Donald Trump selects Indiana Gov. Mike Pence as running mate

Indiana Gov. Mike Pence joins Republican presidential candidate Donald Trump at a rally in Westfield, Ind., Tuesday, July 12, 2016. (AP Photo/Michael Conroy)

Indiana Governor Mike Pence has agreed to be Donald Trump's vice presidential candidate, ABC News reports.


In addition to Pence, Trump's shortlist included former House Speaker Newt Gingrich of Georgia and New Jersey Gov. Chris Christie, according to people familiar with the candidate's thinking.

Pence is a staunch conservative, and with six terms in Congress his selection would likely ease GOP leaders' concerns about Trump's political inexperience and volatile temperament.

Pence has influential allies in Trump's inner circle. But some of Trump's children, who have been closely advising their father, are said to favor different candidates.

The top contenders have been vetted by a top Washington lawyer and all have spent time with Trump in recent days. But the final decision rests with the candidate, who is known for making decisions more on instinct than other factors - and for sometimes changing his mind.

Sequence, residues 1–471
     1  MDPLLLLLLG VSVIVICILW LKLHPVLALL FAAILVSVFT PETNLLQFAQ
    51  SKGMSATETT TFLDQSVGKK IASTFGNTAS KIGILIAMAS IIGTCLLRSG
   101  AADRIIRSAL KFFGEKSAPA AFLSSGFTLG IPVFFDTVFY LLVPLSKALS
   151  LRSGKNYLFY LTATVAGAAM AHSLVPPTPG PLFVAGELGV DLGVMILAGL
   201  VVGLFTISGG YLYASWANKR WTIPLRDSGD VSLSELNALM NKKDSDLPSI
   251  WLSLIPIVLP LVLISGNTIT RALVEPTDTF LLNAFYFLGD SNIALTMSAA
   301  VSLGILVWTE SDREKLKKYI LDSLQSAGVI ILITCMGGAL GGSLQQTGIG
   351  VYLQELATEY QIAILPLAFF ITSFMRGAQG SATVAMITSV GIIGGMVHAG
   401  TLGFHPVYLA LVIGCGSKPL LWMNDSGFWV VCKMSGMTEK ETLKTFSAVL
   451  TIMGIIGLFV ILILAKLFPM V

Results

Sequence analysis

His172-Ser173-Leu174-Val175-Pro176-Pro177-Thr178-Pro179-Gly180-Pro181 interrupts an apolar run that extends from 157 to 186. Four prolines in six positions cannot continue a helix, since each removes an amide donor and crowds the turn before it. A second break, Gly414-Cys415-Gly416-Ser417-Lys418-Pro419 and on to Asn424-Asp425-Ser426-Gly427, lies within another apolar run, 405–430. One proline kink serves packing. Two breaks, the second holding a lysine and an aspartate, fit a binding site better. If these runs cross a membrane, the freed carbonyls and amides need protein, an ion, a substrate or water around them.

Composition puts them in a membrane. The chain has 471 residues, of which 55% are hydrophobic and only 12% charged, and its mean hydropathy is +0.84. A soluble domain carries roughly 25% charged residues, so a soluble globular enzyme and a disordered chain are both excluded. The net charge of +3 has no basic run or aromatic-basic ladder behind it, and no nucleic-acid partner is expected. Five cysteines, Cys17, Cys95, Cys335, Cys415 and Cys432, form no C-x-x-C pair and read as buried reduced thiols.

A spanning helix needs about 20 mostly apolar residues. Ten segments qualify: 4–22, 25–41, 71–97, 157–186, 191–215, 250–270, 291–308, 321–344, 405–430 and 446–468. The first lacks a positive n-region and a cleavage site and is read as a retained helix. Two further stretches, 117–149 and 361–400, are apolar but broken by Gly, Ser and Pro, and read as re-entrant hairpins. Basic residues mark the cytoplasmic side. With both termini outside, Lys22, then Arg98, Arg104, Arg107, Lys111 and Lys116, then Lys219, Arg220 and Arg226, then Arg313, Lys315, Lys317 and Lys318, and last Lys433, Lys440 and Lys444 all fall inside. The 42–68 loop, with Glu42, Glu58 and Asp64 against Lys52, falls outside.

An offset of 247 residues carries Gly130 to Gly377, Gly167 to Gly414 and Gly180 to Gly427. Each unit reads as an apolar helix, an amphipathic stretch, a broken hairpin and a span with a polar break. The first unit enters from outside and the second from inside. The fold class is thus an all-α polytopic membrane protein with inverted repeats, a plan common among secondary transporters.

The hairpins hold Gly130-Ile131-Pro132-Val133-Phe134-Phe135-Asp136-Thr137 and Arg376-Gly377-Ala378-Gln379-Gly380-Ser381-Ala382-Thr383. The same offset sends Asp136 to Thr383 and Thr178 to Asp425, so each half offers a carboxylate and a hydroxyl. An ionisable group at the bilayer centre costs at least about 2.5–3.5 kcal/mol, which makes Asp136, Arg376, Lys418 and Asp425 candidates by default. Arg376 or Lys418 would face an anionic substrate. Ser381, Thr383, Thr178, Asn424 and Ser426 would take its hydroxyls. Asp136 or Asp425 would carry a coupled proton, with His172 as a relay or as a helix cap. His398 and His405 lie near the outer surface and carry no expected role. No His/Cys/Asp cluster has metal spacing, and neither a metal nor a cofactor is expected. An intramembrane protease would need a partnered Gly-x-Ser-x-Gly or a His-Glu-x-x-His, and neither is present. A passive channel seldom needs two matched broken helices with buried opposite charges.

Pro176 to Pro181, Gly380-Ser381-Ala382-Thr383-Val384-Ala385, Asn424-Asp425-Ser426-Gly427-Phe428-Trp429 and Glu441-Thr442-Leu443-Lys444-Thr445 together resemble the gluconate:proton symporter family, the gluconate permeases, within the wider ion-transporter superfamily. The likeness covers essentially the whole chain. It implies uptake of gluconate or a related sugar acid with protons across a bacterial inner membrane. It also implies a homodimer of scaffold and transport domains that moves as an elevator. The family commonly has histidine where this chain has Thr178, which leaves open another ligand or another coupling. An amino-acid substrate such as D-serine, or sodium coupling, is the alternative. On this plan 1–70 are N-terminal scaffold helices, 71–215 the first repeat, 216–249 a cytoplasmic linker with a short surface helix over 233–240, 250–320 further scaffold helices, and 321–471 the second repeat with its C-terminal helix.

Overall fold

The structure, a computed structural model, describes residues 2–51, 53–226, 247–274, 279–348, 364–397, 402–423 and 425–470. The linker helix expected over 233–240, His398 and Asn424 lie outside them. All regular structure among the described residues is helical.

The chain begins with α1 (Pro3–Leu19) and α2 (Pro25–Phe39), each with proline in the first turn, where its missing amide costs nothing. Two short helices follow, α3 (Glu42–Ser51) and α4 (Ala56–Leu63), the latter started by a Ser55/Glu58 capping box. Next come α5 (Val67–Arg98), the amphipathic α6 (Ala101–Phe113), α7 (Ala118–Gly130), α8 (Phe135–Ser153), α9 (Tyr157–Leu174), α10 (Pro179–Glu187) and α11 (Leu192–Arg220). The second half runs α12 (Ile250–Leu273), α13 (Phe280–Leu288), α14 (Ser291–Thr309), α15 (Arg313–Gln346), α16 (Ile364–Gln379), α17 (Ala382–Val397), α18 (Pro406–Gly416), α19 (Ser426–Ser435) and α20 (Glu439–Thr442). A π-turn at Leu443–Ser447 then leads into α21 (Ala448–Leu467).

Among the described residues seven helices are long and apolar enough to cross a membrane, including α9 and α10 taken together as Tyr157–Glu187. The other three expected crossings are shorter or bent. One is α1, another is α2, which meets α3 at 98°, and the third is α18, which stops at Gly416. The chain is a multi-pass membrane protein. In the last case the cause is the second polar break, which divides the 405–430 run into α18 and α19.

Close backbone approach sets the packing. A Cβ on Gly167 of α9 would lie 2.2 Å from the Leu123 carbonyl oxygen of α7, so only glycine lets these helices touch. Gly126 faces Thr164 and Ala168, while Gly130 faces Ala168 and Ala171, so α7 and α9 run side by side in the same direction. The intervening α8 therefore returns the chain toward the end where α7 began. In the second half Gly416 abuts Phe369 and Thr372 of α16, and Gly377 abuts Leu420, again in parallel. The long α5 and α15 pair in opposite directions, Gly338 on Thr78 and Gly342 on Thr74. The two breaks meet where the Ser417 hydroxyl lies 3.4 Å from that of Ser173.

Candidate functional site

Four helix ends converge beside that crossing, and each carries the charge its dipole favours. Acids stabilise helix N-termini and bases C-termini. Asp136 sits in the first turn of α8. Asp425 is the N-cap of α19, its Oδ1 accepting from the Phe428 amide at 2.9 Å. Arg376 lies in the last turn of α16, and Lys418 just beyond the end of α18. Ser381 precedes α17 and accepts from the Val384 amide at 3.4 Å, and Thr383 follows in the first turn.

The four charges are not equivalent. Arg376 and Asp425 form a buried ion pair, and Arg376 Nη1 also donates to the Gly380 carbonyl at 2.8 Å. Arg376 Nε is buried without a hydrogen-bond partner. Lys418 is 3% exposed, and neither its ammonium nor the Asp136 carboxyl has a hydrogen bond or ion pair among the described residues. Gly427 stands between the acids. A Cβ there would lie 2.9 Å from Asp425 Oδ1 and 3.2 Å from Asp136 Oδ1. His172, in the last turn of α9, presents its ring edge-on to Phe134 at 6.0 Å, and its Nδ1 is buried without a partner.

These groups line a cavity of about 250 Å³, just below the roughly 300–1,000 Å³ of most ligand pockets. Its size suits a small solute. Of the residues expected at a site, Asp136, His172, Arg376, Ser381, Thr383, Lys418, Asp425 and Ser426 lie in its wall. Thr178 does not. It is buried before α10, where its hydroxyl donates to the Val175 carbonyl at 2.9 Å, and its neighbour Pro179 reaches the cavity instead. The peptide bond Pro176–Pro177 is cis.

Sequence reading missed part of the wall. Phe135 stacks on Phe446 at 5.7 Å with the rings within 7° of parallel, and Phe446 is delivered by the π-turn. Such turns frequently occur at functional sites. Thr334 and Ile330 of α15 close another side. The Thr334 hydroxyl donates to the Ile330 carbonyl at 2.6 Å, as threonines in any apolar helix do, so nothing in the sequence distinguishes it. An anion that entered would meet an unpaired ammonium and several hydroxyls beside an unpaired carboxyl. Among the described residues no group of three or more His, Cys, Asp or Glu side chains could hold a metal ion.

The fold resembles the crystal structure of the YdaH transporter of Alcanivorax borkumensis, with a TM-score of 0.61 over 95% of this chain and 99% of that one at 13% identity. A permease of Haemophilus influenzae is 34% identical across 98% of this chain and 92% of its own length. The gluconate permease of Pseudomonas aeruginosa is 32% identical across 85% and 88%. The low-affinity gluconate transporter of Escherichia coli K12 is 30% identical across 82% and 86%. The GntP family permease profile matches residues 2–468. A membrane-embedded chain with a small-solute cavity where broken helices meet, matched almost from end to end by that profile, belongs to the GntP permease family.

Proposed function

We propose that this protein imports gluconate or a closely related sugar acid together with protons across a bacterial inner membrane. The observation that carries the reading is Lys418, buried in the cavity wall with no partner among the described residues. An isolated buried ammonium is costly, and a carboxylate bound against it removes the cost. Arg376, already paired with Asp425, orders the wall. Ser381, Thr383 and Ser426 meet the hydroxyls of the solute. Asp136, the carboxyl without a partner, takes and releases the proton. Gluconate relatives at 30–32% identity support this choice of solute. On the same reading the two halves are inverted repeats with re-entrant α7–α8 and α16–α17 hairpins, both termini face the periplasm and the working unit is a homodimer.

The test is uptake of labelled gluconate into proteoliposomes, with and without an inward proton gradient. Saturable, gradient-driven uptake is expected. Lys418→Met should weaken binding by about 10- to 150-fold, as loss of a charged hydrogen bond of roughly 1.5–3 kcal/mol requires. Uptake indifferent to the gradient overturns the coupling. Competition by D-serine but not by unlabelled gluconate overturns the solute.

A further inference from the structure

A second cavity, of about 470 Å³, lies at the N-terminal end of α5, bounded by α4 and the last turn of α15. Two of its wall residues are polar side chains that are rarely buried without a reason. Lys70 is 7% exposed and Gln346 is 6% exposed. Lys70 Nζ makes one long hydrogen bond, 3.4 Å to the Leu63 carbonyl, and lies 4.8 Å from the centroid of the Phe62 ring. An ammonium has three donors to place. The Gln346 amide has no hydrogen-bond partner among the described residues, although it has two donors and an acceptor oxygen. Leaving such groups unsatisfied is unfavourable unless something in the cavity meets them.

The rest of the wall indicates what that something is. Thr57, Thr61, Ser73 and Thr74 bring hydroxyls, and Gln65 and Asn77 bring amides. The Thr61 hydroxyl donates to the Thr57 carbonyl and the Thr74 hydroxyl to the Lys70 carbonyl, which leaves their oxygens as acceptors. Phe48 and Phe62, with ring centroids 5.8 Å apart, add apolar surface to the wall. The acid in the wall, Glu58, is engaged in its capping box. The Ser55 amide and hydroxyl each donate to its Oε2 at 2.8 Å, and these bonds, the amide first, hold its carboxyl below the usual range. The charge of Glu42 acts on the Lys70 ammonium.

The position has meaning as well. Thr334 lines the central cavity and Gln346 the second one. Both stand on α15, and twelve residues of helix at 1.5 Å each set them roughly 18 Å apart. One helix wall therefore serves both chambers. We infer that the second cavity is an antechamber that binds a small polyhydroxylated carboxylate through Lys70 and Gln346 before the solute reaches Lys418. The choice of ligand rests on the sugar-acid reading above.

Trump was in California Thursday for several fundraisers. His schedule put him at a distance from many of his closest advisers, including Manafort and his three oldest children.

Pence spent the day in Indianapolis. He exited a morning speaking event without taking questions from reporters and his staff provided no details about his schedule the rest of the day.

Pence is running for re-election, but Indiana law prevents him from seeking two offices at once. He faces a Friday deadline to withdraw from the governor's race.

The paperwork has been drawn up for him to take that step, according to a Republican, who insisted on anonymity because that person was not authorized to publicly discuss the plans. However, those documents have not been filed.

Pence, 57, has deep ties to evangelical Christians and other conservatives, particularly after signing a law last year that critics said would have allowed businesses to deny service to gay people for religious reasons. But the move alienated some moderates in the party.

Trump took notice of Pence during the Indiana primary, noting that the governor had high praise for him despite endorsing one of his rivals.

The Associated Press contributed to this report.
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